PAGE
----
Pastoral scene of the gallant south/ The bulging eyes and the twisted mouth/ Scent of magnolias, sweet and fresh/ Then the sudden smell of burning flesh
Originating from a poem by New York writer Abel Meeropol, the song does not only dwell on the horror of dead bodies. The song gets its title from the "strange fruit" - human beings - hanging from the trees in the South.
Southern trees bear strange fruit/ Blood on the leaves and blood at the root/ Black bodies swinging in the southern breeze/ Strange fruit hanging from the poplar trees
To further my immersive learning, I have tried to be "moviepacking" alongside bookpacking. After visiting the Whitney Museum, I watched 12 Years a Slave. The film tells the story of Solomon, a free black men living in New York, who is tricked and captured to be sold into slavery. He, among, others, are shipped to New Orleans, the largest slave market in America. Solomon spends twelve years as a slave named "Platt."
The film, consciously or subconsciously, also displays the idea of beauty/horror by juxtaposing the physical "heavenliness" of Louisiana's natural beauty with hellish slavery and racist culture. The visual filmmaking choices are tied to reality - and do not diminish the natural beauty of the film locations in order to perpetuate a story of ugliness and terror. Shots would hold a lacy branch against a delicate sky, or show sensuous Southern grandeur before representations of enslavement crossed the screen. On a pretty summer Southern day, Solomon spends an entire day with a noose around his neck, tied to a grand oak tree with drooping Spanish moss that looks like it wants to caress him.
While Southern trees remember the georgeous gowns of Louisiana's elite and the small toes of a playful child, they are also remember the lives they took. Lynchings played an elemental part in torture and hate crimes. The third season of American Horror Story, "Coven," takes place in New Orleans so I added it to my "moviepacking" list. An episode begins with a young black boy dressed sharply in a white button down shirt riding his bicycle to his first day at a white school, only to be captured and hung by a group of white angry men. In 12 Years a Slave, an abusive plantation overseer attempts to hang Solomon for defending his hard work. He is stopped from going through with the hanging, but Solomon is left to tip toe in the mud for the whole day as punishment. The morning after I watched the film, Andrew discussed a famous photograph of a lynching. Here is a cropped version of the photograph. I have also included a photograph of a demonstration protesting lynching in Washington D.C., 1934.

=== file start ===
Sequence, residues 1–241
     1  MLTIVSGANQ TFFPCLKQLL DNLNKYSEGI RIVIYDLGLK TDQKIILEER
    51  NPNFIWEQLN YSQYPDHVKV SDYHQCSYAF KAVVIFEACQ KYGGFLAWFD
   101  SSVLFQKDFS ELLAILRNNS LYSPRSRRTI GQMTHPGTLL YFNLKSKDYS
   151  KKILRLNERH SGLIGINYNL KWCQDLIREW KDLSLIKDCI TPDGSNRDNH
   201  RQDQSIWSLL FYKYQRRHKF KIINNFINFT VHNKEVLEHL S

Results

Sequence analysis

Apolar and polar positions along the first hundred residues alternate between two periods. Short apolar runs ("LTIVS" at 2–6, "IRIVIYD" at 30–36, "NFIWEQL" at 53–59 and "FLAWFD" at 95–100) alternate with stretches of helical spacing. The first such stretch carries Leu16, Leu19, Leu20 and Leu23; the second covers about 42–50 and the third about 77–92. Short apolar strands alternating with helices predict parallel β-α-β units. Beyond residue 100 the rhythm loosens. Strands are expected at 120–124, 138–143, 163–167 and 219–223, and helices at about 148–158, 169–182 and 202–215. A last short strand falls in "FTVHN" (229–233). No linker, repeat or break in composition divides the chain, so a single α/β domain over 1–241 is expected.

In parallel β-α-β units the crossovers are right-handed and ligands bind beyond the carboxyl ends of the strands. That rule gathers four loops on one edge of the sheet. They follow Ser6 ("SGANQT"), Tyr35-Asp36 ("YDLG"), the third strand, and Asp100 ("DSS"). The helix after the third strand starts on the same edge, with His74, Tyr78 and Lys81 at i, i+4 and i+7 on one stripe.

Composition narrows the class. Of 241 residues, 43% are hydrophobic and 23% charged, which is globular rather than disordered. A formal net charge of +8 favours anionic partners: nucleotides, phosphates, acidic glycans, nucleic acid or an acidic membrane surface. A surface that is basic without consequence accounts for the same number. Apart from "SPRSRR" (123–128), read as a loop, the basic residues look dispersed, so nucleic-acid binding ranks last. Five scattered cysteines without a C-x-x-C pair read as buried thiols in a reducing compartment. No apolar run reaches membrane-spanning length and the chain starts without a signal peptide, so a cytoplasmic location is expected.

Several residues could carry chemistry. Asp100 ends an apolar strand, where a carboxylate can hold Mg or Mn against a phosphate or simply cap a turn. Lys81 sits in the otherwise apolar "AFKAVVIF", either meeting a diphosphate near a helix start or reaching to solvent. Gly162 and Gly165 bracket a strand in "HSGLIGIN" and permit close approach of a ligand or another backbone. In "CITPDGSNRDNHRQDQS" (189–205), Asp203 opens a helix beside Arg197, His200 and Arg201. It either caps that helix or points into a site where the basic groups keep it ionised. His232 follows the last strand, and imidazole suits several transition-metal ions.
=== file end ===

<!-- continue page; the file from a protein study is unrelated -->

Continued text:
I did not just see in Louisiana a live-oak growing, I saw in Louisiana live-oak remembering. It remembered beautiful times, laughter and carriages and bare feet and a first kiss - the tree above is the claimed meeting spot of the lovers that inspired Henry Wadsworth Longfellow's poem "Evangeline" - but it also remembered hearing hearts shattering, abuse, corrupt deals, and souls leaving a body. And the tree will continue to watch, as will all Southern trees and trees around the world. I embrace the Louisiana oak's beauty, and feel the power of its heartfelt memories and happiness, but I also let them honor the stories of those who faced injustice. They will sketch their memories with their roots in the ground, and they will whisper their secrets to their offspring carried by the wind. They will not act, but they will guide, teach, and watch, as we grow up and out and into ourselves - as humans, as animals, as a community, and a society.
To end, I am including an an old folk song that has always rung in my head, most famously performed by Eva Cassidy. It is called "Tall Trees in Georgia." The haunting melody leads lyrics of a woman reflecting on the Southern trees that watched her through her pink beloved youth and into her faded, lonely old age.
Tall trees in Georgia/they grow so high/they shade me so/And sadly walking through the thicket I go
The sweetest love/ I ever had/ I left aside/ Because I did not want to be any man's bride
But now I'm older/ and married I would be/ I found my sweetheart/ but he would not marry me
When I was younger/the boys all came around/ But now I'm older/ and they've all settled down
Control your mind my girl/ and give your heart to one/ For if you love all men/ you'll be surely left with none
Tall trees in Georgia/ they grow so high/ they shade me so/ And sadly walking/ through the thicket I go